• How we implement basic income will define our future

    In Western economies… pre-retirement assistance is an increasingly dysfunctional patchwork of schemes. Some are directed at certain groups while ignoring others. Many are tied to employment… We’re coming back to UBI now because the “social contract” between employers and workers lies in ruins. The decline of unions has consigned powerless workers to exploitative workplaces. And the tax system has been perverted to liberate the wealthiest 1 per cent from paying their fair share.

  • Why Morneau got cold feet over ridding Canada of tax credits

    To combat a structural problem requires a structural solution… First… An independent committee can be tasked with delivering a bundle of reforms to be accepted or rejected as a whole… Second, the process should deliver a clear and transparent benefit to all taxpayers… Third, any new tax measure should by law become subject to a mandatory review for effectiveness after a set number of years.

  • Canada’s approach to board diversity needs a rethink

    Women made up 12 per cent of all board seats examined in the study, up 1 percentage point from 11 per cent in 2015… The dissatisfaction with the current regulatory regime highlights the need to consider mandatory quotas… the CSA found that only 9 per cent of companies have internal targets for women on their boards, with a mere 2 per cent having targets for women in executive positions.

  • Policy-makers should pay attention to world happiness rankings

    That’s the whole purpose of the happiness report. To raise the awareness that there are these scientifically replicable measures of the quality of life that don’t give you the same answers as GDP and don’t invite the same policies that maximizing GDP would mean… If these numbers are taken seriously, it’s to raise the level of policy awareness and discussion.”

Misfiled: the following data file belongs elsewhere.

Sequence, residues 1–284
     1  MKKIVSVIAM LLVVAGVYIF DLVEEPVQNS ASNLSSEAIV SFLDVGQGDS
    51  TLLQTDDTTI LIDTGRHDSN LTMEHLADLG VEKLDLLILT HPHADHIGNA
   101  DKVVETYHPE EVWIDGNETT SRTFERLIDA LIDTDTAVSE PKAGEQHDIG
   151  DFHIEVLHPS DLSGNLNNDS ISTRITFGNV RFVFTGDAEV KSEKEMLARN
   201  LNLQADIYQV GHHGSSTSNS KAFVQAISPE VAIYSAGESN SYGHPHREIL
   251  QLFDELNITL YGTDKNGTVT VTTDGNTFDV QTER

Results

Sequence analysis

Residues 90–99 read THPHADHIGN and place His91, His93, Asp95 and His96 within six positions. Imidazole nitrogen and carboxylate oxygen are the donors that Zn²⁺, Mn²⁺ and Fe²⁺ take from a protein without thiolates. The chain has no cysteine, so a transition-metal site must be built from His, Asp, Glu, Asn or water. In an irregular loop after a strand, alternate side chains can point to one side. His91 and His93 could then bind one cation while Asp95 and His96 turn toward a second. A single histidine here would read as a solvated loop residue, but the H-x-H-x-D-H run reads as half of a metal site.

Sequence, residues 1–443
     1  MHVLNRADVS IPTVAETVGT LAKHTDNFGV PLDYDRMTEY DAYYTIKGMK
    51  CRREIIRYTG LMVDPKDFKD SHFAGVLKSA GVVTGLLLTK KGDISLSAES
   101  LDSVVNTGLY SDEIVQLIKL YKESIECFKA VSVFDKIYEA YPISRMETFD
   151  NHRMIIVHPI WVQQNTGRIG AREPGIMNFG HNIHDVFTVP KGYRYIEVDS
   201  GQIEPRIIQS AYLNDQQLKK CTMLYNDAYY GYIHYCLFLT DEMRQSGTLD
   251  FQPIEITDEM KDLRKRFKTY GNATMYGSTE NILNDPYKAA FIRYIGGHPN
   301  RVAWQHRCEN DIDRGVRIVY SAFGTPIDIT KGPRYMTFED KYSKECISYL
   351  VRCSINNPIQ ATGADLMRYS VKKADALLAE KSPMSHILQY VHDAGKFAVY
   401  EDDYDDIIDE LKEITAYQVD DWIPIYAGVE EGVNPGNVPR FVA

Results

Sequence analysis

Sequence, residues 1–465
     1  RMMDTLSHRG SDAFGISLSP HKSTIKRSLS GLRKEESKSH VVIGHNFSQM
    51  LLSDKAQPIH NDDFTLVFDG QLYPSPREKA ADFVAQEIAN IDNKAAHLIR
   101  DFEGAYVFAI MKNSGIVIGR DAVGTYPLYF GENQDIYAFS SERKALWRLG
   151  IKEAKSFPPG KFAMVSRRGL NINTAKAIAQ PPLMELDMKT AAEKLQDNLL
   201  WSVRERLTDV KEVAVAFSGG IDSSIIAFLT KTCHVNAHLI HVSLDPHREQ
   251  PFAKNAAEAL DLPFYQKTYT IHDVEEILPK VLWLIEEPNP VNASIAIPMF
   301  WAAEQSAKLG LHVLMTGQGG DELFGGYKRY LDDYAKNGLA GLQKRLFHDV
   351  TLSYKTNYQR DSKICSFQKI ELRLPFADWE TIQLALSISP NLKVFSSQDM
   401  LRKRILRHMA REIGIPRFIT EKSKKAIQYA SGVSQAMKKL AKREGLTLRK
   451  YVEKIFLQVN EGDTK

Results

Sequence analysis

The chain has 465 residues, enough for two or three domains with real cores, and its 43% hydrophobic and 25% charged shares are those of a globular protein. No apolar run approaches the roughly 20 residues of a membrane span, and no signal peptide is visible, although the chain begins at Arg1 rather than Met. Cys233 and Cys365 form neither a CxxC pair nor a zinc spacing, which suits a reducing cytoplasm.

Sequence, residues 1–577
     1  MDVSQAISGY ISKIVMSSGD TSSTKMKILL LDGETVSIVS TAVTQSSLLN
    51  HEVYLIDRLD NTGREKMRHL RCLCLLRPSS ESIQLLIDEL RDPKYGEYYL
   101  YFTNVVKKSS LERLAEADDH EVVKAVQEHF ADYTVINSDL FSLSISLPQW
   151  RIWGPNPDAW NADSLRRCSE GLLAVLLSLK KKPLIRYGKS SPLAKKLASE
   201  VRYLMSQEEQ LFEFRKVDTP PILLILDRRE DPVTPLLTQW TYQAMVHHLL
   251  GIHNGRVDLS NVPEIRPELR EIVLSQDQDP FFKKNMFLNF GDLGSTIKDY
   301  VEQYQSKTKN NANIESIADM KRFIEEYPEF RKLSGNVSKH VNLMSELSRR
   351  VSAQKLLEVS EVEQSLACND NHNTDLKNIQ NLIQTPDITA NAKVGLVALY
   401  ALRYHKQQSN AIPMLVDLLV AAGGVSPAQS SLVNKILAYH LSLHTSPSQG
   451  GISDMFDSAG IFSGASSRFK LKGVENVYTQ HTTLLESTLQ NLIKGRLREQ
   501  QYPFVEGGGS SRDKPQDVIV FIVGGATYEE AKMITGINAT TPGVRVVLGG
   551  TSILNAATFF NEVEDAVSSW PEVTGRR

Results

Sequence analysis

• Canada’s 150th year could be as pivotal as 1867 and 1967

    Canada confronts five big economic challenges: · to live within its means; · to achieve stronger productivity improvement; · to expand the globally competitive supply side of its economy; · to make itself more competitive globally in terms of risk/reward opportunity for the best people; and · to do something bold… to help better match greater private-sector strength with better public-sector infrastructure… to build solid and desirable personal lives in a country that combines dynamism with calm and common sense.

  • Increase funding for a national child care program

    Experts say Ottawa is planning to spend $500 million a year for the next 10 years to build a child care network across the country. As much as that is, it’s far from the 1 per cent of GDP experts say is necessary to build a quality system… while three-quarters of mothers of young children are in the workforce, there are licensed spots available for less than a quarter of children under 5. And those that are available are incredibly expensive.

  • A leader to improve our legal system

    In addition to expanding the role of paralegals, the government could transfer many basic legal issues such as employment and motor vehicle claims from the courts to speedier and more efficient administrative tribunals. It could review legislation to reduce reliance on lawyers altogether through proven innovations such as expanding no-fault compensation for accident victims and installing default safeguards in real estate and testamentary transactions.

  • Ottawa should end unfair and ineffective tax breaks

    Every year, the federal government forgoes about $100 billion through so-called tax expenditures… [The Minister should eliminate]: 1. The tax break on executive stock options… half a billion dollars of forgone revenue to subsidize 75 very rich people … 2. The tax credit on corporate dividends… skewed toward the rich… and 3. The Canada Education Savings Grant… the $900-million annual grant disproportionately benefits the well-off.

  • Ontario welcomes new 10-year health accord with Ottawa

    Ontario will receive an additional $2.3 billion for home care — including money for infrastructure improvements — and $1.9 billion more for mental health initiatives over the next decade… “The burden of mental illness and addictions is one and a half times that of cancer and seven times that of all infectious diseases” … “Helping Ontarians maintain their mental wellness, cope with daily mental health challenges or diagnosed illnesses can drive cost savings for the entire health system.”

  • Time to recognize Indigenous people as one of Canada’s founders

    As we celebrate the 150th year of Confederation surely it is time to recognize that Aboriginal Peoples are intrinsic to what we are as a country. It would be a symbolic gesture but it would go a long way to recognizing and embracing the idea that First Nations have always been much more than refugees in their own country.